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Beginner’s Guide to Cold Cranking Power in Classic Car Batteries

Batteries, including car batteries used in classic cars and trucks, wear out with time, and will eventually have to be replaced. As a collector car owner, instead of getting the same kind of battery, you might want to consider one with more cold cranking power. People often say, “the more, the better.” However, that is not always the case. In this article, you will learn more about cold cranking power, the factors that affect it, and other related topics that can help you choose the right battery for your car.

What is cold cranking power?

Cold cranking power is more technically known as cold cranking amperes (CCA). This refers to the amount of current a battery can release to start up an engine. More specifically, CCA tells you how much electrical power the chemicals in the battery can supply for 30 seconds, at base temperature (0° F), without dropping below 7.2 volts.

CCA also helps car owners distinguish a battery’s “starting power.” The Battery Council International released a series of standardized tests that can help gauge how much CCA a battery has. Based on these results, manufacturers can then label their batteries. CCA ratings vary from one country to another, but in the U.S., it usually ranges from 350 to 600 amperes.

It is important to note that CCA is only one of many standard ratings used in the battery industry. Other ratings include MCA (Marine cranking amperes), HCA (Hot cranking amperes), and PHCA (Pulse hot cranking amperes). What makes CCA more relevant in North American and European markets is that it considers extremely cold temperatures, as opposed to southern or tropical countries where MCA might be more applicable.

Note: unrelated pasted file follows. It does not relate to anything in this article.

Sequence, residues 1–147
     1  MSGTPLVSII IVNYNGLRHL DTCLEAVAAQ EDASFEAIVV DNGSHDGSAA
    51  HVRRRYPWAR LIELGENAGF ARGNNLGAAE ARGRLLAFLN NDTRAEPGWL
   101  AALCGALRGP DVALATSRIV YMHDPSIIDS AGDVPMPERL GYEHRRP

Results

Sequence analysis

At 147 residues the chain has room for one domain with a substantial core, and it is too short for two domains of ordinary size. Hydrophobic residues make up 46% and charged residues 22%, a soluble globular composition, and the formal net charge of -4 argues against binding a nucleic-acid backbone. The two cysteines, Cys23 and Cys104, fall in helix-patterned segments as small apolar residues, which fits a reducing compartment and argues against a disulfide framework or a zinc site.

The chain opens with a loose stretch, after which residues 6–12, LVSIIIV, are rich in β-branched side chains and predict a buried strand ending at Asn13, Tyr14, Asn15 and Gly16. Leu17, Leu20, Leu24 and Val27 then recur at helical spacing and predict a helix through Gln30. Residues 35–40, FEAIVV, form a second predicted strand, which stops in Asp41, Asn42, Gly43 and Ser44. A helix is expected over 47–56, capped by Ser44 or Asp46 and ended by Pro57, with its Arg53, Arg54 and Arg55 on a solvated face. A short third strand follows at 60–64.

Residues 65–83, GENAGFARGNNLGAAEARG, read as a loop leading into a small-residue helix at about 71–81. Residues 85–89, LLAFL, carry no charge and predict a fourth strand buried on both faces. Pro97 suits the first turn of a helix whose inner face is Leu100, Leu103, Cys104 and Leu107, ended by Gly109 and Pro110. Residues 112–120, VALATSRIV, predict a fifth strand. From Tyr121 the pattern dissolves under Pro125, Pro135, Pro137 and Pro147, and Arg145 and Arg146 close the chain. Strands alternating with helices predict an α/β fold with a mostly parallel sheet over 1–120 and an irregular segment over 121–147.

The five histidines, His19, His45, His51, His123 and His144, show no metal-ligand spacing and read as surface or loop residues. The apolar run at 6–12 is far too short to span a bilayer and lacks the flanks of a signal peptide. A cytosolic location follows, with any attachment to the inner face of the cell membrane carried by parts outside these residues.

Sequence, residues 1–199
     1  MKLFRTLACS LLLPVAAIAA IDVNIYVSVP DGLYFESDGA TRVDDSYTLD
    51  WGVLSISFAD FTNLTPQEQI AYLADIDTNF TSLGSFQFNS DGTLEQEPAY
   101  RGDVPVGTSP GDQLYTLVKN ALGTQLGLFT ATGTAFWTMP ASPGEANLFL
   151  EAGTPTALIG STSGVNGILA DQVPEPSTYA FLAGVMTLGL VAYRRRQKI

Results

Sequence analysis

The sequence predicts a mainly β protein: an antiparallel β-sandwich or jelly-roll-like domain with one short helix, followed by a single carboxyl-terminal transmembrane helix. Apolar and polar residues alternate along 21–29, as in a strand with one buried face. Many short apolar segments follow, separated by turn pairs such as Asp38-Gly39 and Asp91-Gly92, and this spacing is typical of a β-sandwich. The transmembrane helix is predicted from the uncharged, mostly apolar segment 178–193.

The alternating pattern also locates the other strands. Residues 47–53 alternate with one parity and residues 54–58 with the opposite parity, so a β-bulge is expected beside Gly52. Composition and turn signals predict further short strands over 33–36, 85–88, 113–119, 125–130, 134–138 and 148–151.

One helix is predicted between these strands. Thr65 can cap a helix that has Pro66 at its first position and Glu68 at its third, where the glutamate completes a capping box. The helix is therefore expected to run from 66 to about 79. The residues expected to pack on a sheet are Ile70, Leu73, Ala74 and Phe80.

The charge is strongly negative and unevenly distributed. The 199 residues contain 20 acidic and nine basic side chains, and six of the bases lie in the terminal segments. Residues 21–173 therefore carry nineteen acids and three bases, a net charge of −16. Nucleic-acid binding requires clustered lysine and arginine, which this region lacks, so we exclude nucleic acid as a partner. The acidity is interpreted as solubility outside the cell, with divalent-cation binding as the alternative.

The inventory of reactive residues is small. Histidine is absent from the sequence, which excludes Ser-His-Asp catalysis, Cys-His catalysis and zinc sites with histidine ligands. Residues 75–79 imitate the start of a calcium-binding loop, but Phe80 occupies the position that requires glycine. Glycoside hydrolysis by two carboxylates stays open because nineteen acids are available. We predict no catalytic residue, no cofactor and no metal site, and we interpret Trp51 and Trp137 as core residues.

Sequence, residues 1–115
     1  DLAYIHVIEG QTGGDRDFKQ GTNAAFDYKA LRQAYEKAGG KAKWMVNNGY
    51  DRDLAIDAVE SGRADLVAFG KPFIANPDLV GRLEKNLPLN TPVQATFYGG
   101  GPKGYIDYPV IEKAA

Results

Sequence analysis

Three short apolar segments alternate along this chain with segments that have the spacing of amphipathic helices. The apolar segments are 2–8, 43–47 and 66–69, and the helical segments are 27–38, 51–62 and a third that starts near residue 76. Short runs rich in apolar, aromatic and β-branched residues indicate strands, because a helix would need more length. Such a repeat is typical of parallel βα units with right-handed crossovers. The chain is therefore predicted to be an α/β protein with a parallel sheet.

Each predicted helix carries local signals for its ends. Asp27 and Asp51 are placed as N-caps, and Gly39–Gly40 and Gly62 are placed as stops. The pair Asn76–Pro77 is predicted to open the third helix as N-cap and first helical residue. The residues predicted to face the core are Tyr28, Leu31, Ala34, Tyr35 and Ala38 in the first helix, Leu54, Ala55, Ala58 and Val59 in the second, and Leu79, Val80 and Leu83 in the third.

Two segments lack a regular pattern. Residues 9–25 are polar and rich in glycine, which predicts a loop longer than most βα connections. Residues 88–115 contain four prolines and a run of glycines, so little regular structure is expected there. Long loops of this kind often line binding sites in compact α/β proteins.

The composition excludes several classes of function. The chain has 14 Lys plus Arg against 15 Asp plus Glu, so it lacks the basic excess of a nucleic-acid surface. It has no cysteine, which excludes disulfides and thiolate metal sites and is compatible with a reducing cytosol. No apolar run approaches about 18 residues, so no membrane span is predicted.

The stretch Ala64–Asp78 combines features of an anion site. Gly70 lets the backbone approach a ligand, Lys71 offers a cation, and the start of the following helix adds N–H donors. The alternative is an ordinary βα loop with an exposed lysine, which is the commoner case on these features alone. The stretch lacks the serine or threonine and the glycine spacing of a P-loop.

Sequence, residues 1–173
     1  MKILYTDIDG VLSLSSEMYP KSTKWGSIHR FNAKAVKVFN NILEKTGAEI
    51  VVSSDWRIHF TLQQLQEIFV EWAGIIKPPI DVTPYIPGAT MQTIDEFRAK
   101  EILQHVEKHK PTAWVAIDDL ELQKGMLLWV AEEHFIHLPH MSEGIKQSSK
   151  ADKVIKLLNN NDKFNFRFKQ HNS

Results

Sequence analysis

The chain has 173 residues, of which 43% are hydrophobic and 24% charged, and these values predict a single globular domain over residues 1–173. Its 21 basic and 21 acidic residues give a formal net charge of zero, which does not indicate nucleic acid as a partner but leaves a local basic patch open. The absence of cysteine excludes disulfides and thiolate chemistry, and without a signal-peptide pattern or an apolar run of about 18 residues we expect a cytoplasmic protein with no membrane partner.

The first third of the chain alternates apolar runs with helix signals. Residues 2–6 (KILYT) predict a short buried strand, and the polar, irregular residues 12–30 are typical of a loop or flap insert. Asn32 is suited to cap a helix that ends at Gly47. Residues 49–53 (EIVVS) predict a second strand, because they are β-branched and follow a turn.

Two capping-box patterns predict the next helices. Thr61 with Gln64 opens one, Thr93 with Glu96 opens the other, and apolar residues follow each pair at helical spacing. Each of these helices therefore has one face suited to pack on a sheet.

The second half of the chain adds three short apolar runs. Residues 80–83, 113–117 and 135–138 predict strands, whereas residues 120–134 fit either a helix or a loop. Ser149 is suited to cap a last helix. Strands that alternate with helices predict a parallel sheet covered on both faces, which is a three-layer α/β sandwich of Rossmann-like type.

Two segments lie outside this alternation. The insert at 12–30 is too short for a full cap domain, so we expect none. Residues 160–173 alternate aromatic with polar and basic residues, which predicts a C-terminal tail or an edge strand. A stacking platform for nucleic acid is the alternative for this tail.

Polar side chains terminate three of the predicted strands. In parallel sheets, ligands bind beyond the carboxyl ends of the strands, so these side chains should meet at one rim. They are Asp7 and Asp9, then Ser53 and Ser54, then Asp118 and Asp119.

What are the factors that affect CCA?

When looking for a battery, it is crucial that you consider the following before deciding which one to buy:

Temperature – The rule of thumb is that it is easier for the battery to supply power when it is warm. Thus, it is more difficult to start an engine in cold temperatures. This is due to (1) colder and sluggish oil; and (2) car battery chemicals needed to make electrical energy less efficient. So, if you live in a state that experiences extremely cold weather, like Alaska or Minnesota, it is better to get a battery with higher CCA.

Design factors – Over the years, there is an assumption among consumers that a higher CCA translates to better energy output and longer battery life. Because of this assumption, it caused manufacturers to design batteries with higher CCA by sacrificing other design factors, such as the size of plates. Thinner plates increase surface area, which means higher CCA. This might work in colder temperatures where high CCA is needed. In warmer countries or states, however, this design may lead to corrosion and other problems that decrease the battery’s lifespan.

How much CCA do you need?

When it comes to choosing a battery, it is best to consult your car’s manual. The people who designed your car will know how much CCA is needed for the car to start up properly. There are of course other factors to consider when buying a battery for your classic car or truck other than CCA. Last year we wrote an guide to help you choose which battery is right for your classic car or truck.

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